Well, no one told me they did. So, I found out the hard way that I hadn’t been honest with the universe as stealthily as I imagined. That night I wrote to no one but myself. That morning I found out my words had been seen.

Notification: 2 likes.

?

Clicked out of curiosity; hoping to find a kindred discussionist or two, only to nauseously realize I’d inadvertently let my private cat out the bag.

Those two likes? My brother and my brother-in-law. Cowardly non-addressed, at least, until now.

Since then, though. Since October 2020, there’s been this reoccurring theme. Everywhere I turn.

Books I’ve read, motivational quotes, inspirational stories, sermons I’ve heard, songs I’ve taken to, have all been telling me the same thing:

“You’re not the one who died.”

Obviously, I’ve been well aware of that. What I haven’t been aware of is… anything else.

It’s entirely mind boggling. 35 days until 15 not 20. 20 is the sun eclipsed by the 15 moon, because. My God. 15?

It’s going to be a bit of a non-chronological heap. I’m almost out of time, but I wanna get the good stuff in or get it out or just share it dammit.

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One request: If you’ve got a JSK story, share it on Knabble. Or email it to me.

I’ll get it out there for you. For us; for all of us.

An Anniversary, An Eggplant Plan

After the phone calls, after dinner, we settled into our comfortable spots.

During a commercial, we started talking about where we’d go for our 5th anniversary dinner. There was no contest, really. Sal’s Italian Restaurant in Tecumseh. Close to our almost-in-town townhouse, it had been a great favorite Friday night, take-away spot for us.

It was the first place outside of New York, I’d ever had a good Italian Wedding soup. The garlic bread was perfectly garlick-y, beautifully buttery and sublimely sprinkled with parm. The red sauce was perfectly saucy, from an East Coast perspective.

Sal’s eggplant parmesan was wonderfully and deliciously authentic, too.

Not so long before Jeff brought me to Sal’s, I made this dish for him. We’d been dating about a month, and it was supposed to be our first stay-in, dinner-in, at my Okemos apartment.

It was awful. Bitter and mushy; with raised forks, we watched each other watching gooey, grayish globs weeping through the tines.

He asked me how long I’d salted it before cooking. I accompanied my dumbfounded look with the teary explanation that I had just winged it. “Gotta salt it,” Jeff sagely advised. “Even then, it’s not so great, sometimes.” We went out for Mexican.

I was so enthralled by Sal’s version, that Jeff happily tried a bite. Even though he’d been down that road before. Even though he wasn’t fond of that particular nightshade. Even if it had been salted, fried and layered with cheese, his aversion to eggplant rivalled my aversion to cauliflower, even if it had been salted, fried and smothered in cheese.

Sitting in Sal’s, I watched Jeff contemplatively chew for a bit, and laughed when he decisively summarized, “I’d rather have the chicken.”

Jeff mentioned Evans Street Station as an alternative. Because we’d already be dressed up for our church photo, I considered that. It was so sweet of him to mention the fanciest restaurant in town. A few years after opening, it was still on our to-do list. We just hadn’t made it there, yet.

“Maybe, some other time,” I smiled. “I’m really missing Sal’s. It’s the first place we ever went to dinner in town. So, that kind of makes it ‘our place’, too.”

“You won’t get any arguments from me!” Jeff grinned.

Quote for the Week: 2019 07 16 The best celebrations aren’t always the most expensive jakorte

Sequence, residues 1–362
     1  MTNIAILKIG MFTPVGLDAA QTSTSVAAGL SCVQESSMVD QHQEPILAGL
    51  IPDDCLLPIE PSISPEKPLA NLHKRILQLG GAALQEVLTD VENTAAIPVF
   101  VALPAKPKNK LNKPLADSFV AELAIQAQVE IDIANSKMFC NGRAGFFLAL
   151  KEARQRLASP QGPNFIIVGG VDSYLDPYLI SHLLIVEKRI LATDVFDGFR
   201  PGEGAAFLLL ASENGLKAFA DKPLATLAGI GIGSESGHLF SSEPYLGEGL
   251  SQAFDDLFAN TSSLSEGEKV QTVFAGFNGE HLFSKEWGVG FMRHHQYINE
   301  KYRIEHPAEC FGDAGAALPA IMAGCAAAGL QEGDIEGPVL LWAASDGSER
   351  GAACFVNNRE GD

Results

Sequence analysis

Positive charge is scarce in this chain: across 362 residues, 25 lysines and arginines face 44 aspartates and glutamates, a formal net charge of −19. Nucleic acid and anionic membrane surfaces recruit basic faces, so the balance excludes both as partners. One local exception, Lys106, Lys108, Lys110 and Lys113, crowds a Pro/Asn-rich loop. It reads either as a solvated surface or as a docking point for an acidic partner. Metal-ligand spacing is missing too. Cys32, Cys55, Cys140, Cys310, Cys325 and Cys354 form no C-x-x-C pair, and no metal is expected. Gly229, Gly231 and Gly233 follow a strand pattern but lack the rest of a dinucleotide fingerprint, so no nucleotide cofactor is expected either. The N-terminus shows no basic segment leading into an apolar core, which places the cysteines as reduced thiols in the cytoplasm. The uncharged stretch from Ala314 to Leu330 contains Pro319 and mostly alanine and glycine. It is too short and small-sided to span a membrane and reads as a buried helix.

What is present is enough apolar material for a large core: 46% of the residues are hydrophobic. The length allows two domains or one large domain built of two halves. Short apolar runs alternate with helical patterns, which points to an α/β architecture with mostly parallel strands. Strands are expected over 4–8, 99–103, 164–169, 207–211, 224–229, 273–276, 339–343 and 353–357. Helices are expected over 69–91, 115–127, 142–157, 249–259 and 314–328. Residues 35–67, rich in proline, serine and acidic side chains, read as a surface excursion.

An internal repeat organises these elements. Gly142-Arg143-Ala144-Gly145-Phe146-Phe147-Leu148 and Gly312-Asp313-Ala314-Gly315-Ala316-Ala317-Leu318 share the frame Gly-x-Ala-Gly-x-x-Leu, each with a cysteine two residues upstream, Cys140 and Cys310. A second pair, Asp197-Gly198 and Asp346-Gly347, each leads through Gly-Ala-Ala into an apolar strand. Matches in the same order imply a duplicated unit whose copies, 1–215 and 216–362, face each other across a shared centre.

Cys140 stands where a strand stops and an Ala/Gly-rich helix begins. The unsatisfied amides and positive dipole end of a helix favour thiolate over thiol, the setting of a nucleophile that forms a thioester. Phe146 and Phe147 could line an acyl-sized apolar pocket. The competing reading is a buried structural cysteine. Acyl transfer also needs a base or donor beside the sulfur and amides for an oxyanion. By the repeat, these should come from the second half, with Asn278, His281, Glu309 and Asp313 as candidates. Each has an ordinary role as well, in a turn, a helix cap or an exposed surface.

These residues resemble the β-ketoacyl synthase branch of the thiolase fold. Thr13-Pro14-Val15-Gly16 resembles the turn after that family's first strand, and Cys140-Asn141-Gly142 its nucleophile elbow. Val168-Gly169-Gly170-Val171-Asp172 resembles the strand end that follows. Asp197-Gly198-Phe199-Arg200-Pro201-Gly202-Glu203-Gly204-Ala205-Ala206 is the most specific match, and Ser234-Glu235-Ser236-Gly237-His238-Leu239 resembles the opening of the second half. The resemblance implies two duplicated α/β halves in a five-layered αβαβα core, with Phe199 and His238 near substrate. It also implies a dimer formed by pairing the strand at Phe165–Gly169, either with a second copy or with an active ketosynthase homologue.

Not, yet, we haven’t!

Before I made it back to the kitchen, the phone rang, again.

Jeff grabbed that call, too. Another one-sided conversation commenced.

“Oh, hi! How are you?” he greeted, warmly.

“When’s that?”

“Oh, on the 6th? Well, that’s our anniversary. Let me check…”

“Hey, they’re takin’ pictures for the church directory,” Jeff shouted out to me. “They wanna know if we can get our photo done next Friday. We don’t have anything planned, do we?”

“Not, yet, we haven’t.” I answered. “What time is the latest appointment? Probably can’t get there before 6.”

“Didja hear that?” Jeff asked the caller. “Ok. 6 o’clock, it is. What’s that?”

His voice swelled with happiness and pride; his answer booming out of a mile-wide smile. “We’ve been married 5 years!”

“Not, yet, we haven’t!” I shouted back.

“Didja hear that?” Jeff guffawed. “She said, not yet, we haven’t.”

I wonder what the other person’s impression was of my retort. To Jeff and I, it was a silly, humorous complaint and retort. A full-swing, fast-paced verbal dance, we often threw at each other. It stemmed first from frustration, and later, my fear.

Years before, Jeff had either done something I had asked him not to, or hadn’t done something I had asked him to do. Whichever it was, my ending escalated to, “You keep that up and we’re not gonna make it to our 5th anniversary!”

I continued to use it, after that. Sometimes, joking. Sometimes, not.

I used it when he’d come back from the kitchen with a bowl of ice cream, never having asked me if I wanted some. I used it when Jeff accidentally said something that could be hilariously misconstrued as a complaint, but very much wasn’t.

I used it after philosophical discussions, when we could not find a common ground. I used it when things didn’t quite go the way I wanted. I used it when he’d joke with a waitress that I needed a whole ‘nother day to look at the menu. I used it to emphasize the damaging stupidity of chewing tobacco. I used it, creatively, in countless ways.

No matter which way it went, though, Jeff’s reply followed formula, too. It always started with, “You wouldn’t be so lucky!”

It always ended with a variation of a good-natured, extended promise. “I’m gonna live ‘til I’m 80! You’ll see.” “I’m gonna live so long, you’d wish you’d gotten rid of me.” “I’m gonna be botherin’ you for a long, long time, Wort.”

I don’t doubt the person on the other side of the phone knew we were kidding. I just wonder if  our conversation ever crossed their mind, again.

Quote for the Week: 2019 07 02 Some inside jokes are easy to explain jakorte